"An individual in an Iraqi military uniform, possibly with a vest-worn explosive device, was inside the facility and detonated the facility, causing this tragedy," Brig. Gen. Carter F. Ham — commander of Task Force Olympia, the main U.S. force in northern Iraq — told CNN.
The explosion occurred Tuesday in a base near the northern city of Mosul. Most of the 22 people killed were American military personnel and civilians – the deadliest attack U.S. forces have suffered on one of their bases.
Meanwhile, fighting erupted in Fallujah as residents returned to their devastated city for the first time since a bloody, two-week U.S. military offensive in November that wrested the city from the control of insurgents.
At least three Marines were killed in the area as U.S. forces battled insurgents on Thursday, with warplanes dropping bombs and tanks shelling suspected guerrilla positions in the heaviest fighting in weeks.
In other recent developments:
The new fighting in Fallujah highlighted that the city is far from tamed. Since the offensive, Fallujah has seen sporadic clashes between U.S. troops and pockets of insurgents.
F-18 fighter-bombers were seen striking at targets in the city's outskirts Thursday, and tank and artillery fire was also heard.
American commanders have hailed the November offensive in Fallujah as a major tactical victory. But since then, violence elsewhere in Iraq has only escalated, after many guerrillas apparently slipped out of Fallujah to operate in central and northern Iraq.
Tens of thousands of residents who fled Fallujah have been crowded into camps set up in the region or living with relatives in Baghdad or elsewhere, eager to return to their homes.
Most of Fallujah's approximately 250,000 people fled before the assault.
Authorities had planned to allow the return of 2,000 residents on Thursday, but by afternoon, only about 200 actually made the trip, according to U.S. officials.
Lt. Col. Kevin Hansen, the Fallujah operations officer with the Marines' 4th Civil Affairs unit, said residents may not be aware of the return, and that more may come on Friday after announcements during weekly prayers at mosques.
"Most of them get their information from the mosques so we think that tomorrow they'll get the word out more," he said.
At a checkpoint into the city, cars were lined up, and returnees showed documents to police and pulled out luggage for search. There was some confusion over who was allowed in and when.
"We traveled hundreds of kilometres (miles) to get to the city," said one man, Abu Omar al-Duleimi. "When we arrived, there was no timetable for our return. And they told us that only a small group could enter the city while others were not allowed."
Once inside, returnees found neighborhoods ravaged. "This is all that's left of my property," one man said, waving a dusty blanket. In footage by Associated Press Television News, the corpse of an elderly woman was visible in one destroyed house, lying face down in her black robe. It was not clear how long ago she was killed.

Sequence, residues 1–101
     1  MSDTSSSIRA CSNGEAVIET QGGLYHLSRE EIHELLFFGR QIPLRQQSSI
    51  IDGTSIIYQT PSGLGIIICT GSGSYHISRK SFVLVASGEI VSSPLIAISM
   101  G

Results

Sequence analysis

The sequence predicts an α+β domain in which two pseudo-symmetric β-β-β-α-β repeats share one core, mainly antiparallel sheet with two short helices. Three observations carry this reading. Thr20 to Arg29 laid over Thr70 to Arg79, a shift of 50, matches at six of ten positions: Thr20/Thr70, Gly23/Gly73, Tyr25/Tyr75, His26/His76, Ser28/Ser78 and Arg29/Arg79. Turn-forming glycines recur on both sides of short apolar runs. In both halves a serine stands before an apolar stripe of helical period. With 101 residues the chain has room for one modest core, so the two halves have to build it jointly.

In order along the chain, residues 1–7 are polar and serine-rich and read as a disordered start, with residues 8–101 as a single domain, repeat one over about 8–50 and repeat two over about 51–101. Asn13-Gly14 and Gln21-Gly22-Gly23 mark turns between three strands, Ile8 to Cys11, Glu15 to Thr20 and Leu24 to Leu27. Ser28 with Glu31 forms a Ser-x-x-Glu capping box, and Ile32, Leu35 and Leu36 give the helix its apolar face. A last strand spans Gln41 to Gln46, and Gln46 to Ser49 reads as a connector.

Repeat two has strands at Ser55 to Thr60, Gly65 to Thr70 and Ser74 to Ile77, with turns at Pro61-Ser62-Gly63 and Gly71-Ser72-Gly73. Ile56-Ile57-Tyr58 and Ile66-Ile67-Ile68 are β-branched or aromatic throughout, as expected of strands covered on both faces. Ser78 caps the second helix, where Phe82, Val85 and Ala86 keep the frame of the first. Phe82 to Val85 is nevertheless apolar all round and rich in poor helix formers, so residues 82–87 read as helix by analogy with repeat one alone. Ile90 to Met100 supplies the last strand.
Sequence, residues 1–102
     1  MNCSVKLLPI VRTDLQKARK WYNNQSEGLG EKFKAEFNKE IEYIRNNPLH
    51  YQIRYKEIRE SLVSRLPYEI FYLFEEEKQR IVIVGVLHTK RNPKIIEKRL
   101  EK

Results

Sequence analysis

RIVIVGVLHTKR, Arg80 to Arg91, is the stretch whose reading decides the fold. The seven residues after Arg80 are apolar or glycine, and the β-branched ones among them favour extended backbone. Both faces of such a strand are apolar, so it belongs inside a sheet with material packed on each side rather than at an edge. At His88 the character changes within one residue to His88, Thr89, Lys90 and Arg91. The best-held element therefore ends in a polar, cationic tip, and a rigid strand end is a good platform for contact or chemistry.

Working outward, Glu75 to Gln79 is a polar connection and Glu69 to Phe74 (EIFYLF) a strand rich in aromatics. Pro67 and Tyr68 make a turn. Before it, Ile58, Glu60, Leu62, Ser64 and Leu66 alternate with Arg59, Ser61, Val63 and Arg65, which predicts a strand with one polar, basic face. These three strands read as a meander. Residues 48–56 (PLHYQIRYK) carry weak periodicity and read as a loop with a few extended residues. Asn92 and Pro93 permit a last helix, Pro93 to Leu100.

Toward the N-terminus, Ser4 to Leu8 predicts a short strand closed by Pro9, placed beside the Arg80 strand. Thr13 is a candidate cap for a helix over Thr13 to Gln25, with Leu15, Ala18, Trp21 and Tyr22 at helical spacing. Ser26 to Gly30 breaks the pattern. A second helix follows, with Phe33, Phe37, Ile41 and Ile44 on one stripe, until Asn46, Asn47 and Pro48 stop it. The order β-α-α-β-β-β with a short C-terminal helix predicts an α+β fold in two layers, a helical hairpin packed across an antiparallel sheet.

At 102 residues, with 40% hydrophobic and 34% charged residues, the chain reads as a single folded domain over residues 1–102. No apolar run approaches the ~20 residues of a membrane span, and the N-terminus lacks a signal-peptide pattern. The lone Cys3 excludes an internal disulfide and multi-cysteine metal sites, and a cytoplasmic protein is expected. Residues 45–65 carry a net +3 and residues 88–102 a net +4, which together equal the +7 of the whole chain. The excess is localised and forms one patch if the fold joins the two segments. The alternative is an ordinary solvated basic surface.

In the wake of the blast in Mosul, U.S. commanders are re-examining security procedures for every American base in the country, trying to figure out how a bomber got into their midst, reports CBS News Correspondent Kimberly Dozier.
They are also hinting there are some major operations in the offing aimed at the enemies who cost so many American lives this week. In the triangle of death south of Baghdad, U.S. troops have already carried out several operations, arresting 44 suspects Wednesday.
General Richard Myers, chairman of the Joint Chiefs of Staff, isn't saying whether authorities think the bomber worked at the base, or breached security.
But military investigators reportedly suspect that the bomber might have been an Iraqi worker who is now unaccounted for.
A radical Sunni Muslim group, the Ansar al-Sunnah Army, said it carried out the suicide bombing at the base.
The Mosul base is surrounded by blast walls and barbed wire and watched by U.S. troops who search every person going in and check his identity.
A contingent of FBI bomb technicians has been deployed to help the military investigate the bombing, said an FBI official on condition of anonymity. The Baghdad-based FBI team will help identify the type of explosive and components used, which could provide forensic links to previous Iraq bombings.
The apparent sophistication of Tuesday's operation indicated the attacker probably had inside knowledge of the base's layout and the soldiers' schedule. The blast came at lunchtime.
"We always have force protection keeping their eyes out," Lt. Col. Paul Hastings, spokesman for Task Force Olympia, the main force that controls northern Iraq, said Thursday. "For somebody that wants to take his life and kill himself, its very difficult to stop those people."